Thus, when I enter my personalized URL, I am greeted by a screen that requires me to enter a unique Access Code. Only then can I see my personalized page.
By doing that for each PURL that you generate, you will add a second-level for people that are trying to access personalized data.
Submitting Data over a Form
Many personalized URLs include Forms that ask people to provide and submit information.
Oftentimes, this is just Contact Information and answers to questions.
But if your client is concerned about protecting the data that is submitted, one option is to utilize SSL.
In that case, the user would access their PURL at https://[FirstName + LastName].DomainNameHere.com, which would enable the landing page and form to use SSL encryption when submitting data.
Would you like more information?
I hope that you find these ideas helpful as you look for ways to improve the effectiveness of your marketing programs (or those of your clients)!
If you have any questions about personalized URLs and security or about the USPS Mobile Barcode Promotion, please contact our team today!
This summer, the USPS is holding another mobile barcode discount program. In order to qualify for the discount, companies must either point the QR Code on their direct mail piece to a mobile commerce site or to a personalized mobile landing page.
Below I discuss the 2nd option — integrating PURLs and QR Codes. I hope you find this material helpful!
P.S. If you are interested in taking advantage of the USPS Mobile Barcode Discount program, please contact our team today!
Integrating QR Codes and Personalized URLs
QR codes offer a number of benefits for marketers. One of the most important is the ability to tie together the print, mobile and Web channels to increase the response rates on multichannel marketing efforts.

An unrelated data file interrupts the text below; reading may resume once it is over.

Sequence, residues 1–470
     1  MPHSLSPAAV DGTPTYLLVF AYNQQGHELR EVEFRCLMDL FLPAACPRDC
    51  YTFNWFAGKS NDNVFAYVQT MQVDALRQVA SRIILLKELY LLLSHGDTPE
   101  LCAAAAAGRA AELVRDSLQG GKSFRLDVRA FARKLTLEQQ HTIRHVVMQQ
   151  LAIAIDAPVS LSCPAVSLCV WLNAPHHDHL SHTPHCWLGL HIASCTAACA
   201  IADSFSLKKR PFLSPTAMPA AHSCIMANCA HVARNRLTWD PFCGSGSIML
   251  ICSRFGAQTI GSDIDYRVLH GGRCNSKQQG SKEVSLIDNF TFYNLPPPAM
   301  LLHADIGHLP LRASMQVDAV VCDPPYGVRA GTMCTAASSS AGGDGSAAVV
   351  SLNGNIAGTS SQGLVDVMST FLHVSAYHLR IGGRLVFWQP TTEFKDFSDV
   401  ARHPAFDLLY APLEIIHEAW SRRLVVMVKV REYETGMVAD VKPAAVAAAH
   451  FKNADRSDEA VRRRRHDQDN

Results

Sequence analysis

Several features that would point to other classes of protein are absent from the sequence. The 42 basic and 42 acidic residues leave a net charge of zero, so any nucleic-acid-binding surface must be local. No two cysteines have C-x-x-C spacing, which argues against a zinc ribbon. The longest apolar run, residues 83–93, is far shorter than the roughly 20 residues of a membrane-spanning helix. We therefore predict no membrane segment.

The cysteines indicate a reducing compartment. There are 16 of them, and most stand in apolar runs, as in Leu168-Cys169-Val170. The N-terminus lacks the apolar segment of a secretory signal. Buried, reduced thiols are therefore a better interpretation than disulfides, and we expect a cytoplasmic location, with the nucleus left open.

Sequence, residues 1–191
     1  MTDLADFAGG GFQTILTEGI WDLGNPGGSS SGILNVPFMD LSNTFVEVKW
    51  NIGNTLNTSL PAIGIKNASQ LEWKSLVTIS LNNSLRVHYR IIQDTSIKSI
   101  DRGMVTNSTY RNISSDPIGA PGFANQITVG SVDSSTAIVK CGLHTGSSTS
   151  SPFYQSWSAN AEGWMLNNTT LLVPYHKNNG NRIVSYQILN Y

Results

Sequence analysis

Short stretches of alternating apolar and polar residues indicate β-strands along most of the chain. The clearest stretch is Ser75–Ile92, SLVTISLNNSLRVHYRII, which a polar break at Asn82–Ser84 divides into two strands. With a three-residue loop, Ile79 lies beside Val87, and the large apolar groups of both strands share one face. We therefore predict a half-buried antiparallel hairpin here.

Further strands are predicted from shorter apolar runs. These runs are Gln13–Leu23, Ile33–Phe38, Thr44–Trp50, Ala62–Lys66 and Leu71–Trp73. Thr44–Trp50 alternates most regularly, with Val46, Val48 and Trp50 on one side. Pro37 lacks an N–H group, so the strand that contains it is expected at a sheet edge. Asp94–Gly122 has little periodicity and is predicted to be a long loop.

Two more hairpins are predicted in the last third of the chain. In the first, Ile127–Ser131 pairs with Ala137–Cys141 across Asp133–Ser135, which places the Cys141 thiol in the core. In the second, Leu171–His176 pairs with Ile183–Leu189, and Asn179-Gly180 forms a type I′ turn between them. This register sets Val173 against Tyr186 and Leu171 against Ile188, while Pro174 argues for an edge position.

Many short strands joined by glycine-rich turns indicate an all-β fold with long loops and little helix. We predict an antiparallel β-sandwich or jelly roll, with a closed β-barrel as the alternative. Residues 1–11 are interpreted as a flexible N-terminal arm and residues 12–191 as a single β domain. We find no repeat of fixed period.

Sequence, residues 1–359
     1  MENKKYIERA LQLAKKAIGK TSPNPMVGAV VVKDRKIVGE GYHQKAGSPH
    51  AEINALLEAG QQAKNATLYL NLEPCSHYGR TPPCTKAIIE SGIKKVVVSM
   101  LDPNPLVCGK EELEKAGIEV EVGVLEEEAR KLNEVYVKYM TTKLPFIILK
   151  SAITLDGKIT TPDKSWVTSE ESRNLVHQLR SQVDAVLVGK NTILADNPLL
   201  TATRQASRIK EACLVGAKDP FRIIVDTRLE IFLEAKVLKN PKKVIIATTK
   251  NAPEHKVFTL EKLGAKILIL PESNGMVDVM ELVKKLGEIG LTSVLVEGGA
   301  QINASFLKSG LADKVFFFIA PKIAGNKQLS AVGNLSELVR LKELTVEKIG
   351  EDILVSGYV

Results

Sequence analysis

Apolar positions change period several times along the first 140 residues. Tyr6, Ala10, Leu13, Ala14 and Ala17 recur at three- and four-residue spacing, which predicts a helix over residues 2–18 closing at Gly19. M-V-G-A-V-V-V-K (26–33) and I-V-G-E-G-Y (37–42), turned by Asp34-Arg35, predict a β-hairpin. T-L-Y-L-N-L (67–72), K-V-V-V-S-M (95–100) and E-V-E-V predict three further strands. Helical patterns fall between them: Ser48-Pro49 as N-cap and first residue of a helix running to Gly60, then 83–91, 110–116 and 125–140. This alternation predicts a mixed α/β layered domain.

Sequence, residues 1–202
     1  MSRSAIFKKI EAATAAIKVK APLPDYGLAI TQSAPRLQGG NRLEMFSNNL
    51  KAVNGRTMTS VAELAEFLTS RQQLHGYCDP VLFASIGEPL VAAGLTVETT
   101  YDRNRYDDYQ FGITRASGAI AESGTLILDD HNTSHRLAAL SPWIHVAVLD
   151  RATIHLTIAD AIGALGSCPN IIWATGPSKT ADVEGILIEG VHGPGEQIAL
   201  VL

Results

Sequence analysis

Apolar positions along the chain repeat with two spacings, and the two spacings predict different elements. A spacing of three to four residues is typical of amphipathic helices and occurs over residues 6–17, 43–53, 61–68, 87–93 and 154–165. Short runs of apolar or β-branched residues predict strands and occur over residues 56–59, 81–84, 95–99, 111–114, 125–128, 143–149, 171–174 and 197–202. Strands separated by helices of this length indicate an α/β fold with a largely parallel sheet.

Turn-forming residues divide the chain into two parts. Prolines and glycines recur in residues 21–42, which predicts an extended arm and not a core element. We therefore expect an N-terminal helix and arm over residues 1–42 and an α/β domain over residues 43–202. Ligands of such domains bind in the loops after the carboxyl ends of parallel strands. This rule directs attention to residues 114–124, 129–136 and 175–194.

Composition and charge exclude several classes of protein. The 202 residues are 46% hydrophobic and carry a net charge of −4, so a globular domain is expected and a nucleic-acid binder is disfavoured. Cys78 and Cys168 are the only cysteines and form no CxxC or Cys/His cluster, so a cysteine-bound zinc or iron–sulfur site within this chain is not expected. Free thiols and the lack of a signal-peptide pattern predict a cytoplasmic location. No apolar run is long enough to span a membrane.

Since QR codes make it easy for people to jump from print to the Web, this intelligent tool can add to the success of your personalized URL (PURL) campaigns, too.
QR codes have the ability to lower the barriers often surrounding customer response which, in turn, leads to an increase in overall campaign response rate.
Here are several benefits that can be easily achieved by coupling QR codes with PURLs to boost the effectiveness of your marketing campaigns:
Providing one-to-one communication
PURLs can be embedded right into QR codes, so when a customer or prospect scans the code she is taken directly to her personalized landing page.
Once a recipient is at that personalized page, you have the opportunity to engage her and have a one-on-one dialogue.
Making it easy to respond
QR codes make PURLs portable. They allow the recipient to access each individual PURL without the need to sit in front of a computer.
Because people are on the go, and many carry their phones with them at all times, this portability is ideal in increasing the response rate.
Additionally, QR codes eliminate the need for a recipient to type what may be a rather lengthy PURL into her Web browser.
By simply pressing one button on their smartphone, your prospect or customer is automatically directed to her own personalized Web site. This eliminates the chance of typos and decreases the amount of effort required by the recipient to access the information.
Tracking and measuring
Every marketer knows there is nothing more important than being able to measure the success of a campaign.
PURLs provide the ability to track which recipients visit their personalized page and, depending on the level of the PURL, gather additional contact information about each individual.
Similarly, various software programs have been developed that will also record the amount of scans per day, what time those scans took place, the location of the scans, and the type of device being used to scan the code.
Together, QR codes and PURLs can provide a more complete picture of which recipients express interest and which leads are the hottest.
QR codes will only enhance the value PURLs already bring to campaigns, becoming a logical extension of the PURLs you may already be implementing. Use them to fill the gap that other cross-marketing tools cannot.